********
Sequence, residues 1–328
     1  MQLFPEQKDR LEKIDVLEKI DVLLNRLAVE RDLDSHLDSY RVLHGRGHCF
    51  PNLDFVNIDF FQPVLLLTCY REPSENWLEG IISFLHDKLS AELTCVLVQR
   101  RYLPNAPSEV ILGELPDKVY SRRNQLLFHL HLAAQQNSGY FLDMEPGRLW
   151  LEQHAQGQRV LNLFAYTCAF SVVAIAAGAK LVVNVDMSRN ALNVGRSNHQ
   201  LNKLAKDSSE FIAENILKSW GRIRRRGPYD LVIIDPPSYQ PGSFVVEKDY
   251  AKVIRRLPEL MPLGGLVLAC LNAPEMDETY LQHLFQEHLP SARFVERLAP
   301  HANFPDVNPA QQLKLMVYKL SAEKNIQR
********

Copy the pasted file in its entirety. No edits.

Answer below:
Sequence, residues 1–328
     1  MQLFPEQKDR LEKIDVLEKI DVLLNRLAVE RDLDSHLDSY RVLHGRGHCF
    51  PNLDFVNIDF FQPVLLLTCY REPSENWLEG IISFLHDKLS AELTCVLVQR
   101  RYLPNAPSEV ILGELPDKVY SRRNQLLFHL HLAAQQNSGY FLDMEPGRLW
   151  LEQHAQGQRV LNLFAYTCAF SVVAIAAGAK LVVNVDMSRN ALNVGRSNHQ
   201  LNKLAKDSSE FIAENILKSW GRIRRRGPYD LVIIDPPSYQ PGSFVVEKDY
   251  AKVIRRLPEL MPLGGLVLAC LNAPEMDETY LQHLFQEHLP SARFVERLAP
   301  HANFPDVNPA QQLKLMVYKL SAEKNIQR